Passport of Hitler’s personal aide – Max Wuensche
max Wünsche passport
You see a document of a significant figure of WWII – the passport of MAX WUENSCHE, SS commander awarded with the Knight’s Cross of the Iron Cross with Oak Leaves and personal aide to Adolf Hitler.
Max Wuensche was born on April 20, 1914, in Kittlitz. In July 1933, Wünsche joined the SS. In 1935, he graduated from SS-Junkerschule at Bad Tölz and was promoted to Untersturmführer. Wünsche was then posted to the Leibstandarte SS Adolf Hitler (LSSAH) as a platoon leader. In October 1938, Wünsche was assigned as an orderly officer for Hitler. In that role, Wünsche joined the Führerbegleitkommando (the SS bodyguard unit), which provided personal security for Hitler.
In January 1940, he was again posted to the LSSAH, as a platoon commander in a motorcycle company under the command of Kurt Meyer, for the invasion of the Netherlands and the Battle of France. In December 1940, he became an adjutant to Sepp Dietrich, where he stayed during the invasion of the Balkans (Operation Marita) and Soviet Union (Operation Barbarossa). In February 1942, Wünsche was given the command of the LSSAH Sturmgeschütz (assault gun) battalion.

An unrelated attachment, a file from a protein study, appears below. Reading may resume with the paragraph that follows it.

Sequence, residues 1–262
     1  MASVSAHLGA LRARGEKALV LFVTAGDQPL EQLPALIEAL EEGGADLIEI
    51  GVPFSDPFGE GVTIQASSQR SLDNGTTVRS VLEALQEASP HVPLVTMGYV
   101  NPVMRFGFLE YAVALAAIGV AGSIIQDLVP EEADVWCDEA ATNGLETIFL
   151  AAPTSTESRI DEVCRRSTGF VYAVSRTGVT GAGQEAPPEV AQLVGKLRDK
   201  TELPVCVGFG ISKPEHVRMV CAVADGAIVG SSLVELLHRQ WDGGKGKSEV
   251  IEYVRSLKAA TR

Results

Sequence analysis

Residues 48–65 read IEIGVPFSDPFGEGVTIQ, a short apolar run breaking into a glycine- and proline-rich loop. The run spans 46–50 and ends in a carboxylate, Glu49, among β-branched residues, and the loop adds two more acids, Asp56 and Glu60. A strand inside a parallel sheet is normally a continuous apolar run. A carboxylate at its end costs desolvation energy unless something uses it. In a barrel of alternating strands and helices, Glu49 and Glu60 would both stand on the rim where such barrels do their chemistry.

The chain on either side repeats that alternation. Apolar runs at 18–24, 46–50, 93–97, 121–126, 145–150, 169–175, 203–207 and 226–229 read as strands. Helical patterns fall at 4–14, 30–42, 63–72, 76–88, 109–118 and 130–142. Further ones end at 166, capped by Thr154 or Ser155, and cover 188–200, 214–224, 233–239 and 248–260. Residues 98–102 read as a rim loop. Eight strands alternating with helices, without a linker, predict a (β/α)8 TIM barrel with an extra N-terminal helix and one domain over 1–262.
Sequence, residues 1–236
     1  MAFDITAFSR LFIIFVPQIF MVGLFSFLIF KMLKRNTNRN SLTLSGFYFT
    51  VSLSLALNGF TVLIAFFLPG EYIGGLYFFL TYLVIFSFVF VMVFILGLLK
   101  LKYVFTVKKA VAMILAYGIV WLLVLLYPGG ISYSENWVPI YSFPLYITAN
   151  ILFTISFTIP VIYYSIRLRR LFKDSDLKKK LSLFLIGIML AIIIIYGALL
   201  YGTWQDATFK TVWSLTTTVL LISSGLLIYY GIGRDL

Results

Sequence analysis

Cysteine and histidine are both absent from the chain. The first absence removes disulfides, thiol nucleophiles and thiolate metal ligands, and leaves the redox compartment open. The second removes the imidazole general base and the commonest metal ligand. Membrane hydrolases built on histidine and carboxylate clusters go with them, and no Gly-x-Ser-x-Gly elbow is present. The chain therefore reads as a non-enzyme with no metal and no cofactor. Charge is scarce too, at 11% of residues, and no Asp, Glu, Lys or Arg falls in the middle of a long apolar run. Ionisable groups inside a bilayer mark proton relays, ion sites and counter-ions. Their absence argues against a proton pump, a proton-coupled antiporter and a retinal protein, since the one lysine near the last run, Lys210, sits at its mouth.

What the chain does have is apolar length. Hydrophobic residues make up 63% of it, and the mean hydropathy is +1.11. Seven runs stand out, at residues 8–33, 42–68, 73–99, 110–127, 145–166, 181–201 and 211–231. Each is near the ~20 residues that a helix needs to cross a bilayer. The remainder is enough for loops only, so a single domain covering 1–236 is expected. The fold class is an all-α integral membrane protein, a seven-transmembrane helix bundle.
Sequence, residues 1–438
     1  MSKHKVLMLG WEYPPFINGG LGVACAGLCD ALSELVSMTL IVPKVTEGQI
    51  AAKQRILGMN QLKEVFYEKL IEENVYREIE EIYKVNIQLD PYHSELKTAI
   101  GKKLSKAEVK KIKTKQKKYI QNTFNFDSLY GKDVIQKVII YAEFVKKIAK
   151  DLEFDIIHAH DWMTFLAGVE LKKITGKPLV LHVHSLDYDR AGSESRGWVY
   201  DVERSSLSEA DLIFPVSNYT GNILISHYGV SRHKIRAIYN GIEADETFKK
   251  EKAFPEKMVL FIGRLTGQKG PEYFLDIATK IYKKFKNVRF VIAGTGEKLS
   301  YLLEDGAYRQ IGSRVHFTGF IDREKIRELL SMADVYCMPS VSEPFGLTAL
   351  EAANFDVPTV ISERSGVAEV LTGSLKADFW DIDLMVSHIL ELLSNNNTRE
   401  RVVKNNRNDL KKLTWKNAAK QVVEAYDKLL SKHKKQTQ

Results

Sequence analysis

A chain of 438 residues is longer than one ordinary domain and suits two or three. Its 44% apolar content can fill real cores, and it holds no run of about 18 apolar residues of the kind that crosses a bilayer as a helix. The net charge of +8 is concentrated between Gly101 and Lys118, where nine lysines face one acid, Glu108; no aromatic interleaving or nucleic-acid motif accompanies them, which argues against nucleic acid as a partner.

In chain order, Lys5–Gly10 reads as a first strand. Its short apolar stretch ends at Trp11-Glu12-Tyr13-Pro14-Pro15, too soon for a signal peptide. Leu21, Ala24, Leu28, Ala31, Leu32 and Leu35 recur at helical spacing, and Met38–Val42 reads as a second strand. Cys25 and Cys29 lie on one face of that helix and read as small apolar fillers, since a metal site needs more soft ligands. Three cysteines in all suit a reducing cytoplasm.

In 1942 Wuensche completed the General Staff training course at the Staff College in Germany and was promoted to Sturmbannführer. In September 1942, he was posted to the LSSAH and resumed command of the Sturmgeschütz battalion; in October, he assumed command of a brigade in a panzer regiment of LSSAH. His battalion’s first action was at Kharkiv in 1943. On February 25, 1943, Wünsche led his tankers into battle against a defensive position staffed by the Soviet 350th Rifle Division. Supported by artillery and a company of SS grenadiers, Wünsche’s battalion launched its attack and overran the Soviet front lines, destroying some anti-tank guns. Wünsche’s assault would lead to the destruction of 47 artillery pieces and anti-tank weapons. During the attack, 800 Soviet troops were killed. For his actions during the battles for Kharkiv, Wünsche was awarded the German Cross in Gold and later the Knight’s Cross in February 1943. max wünsche passport
In June 1943, Wünsche was transferred to a new division forming in France, the 12th SS Panzer Division Hitlerjugend, to take command of the 12th SS Panzer Regiment. On June 6, 1944, the Allies landed in Normandy (Operation Overlord), and the division was committed to action on June 7. The division was later trapped in the Falaise pocket, where on the night of August 20, Wünsche escaped out of the pocket on foot. He was wounded and captured by British soldiers.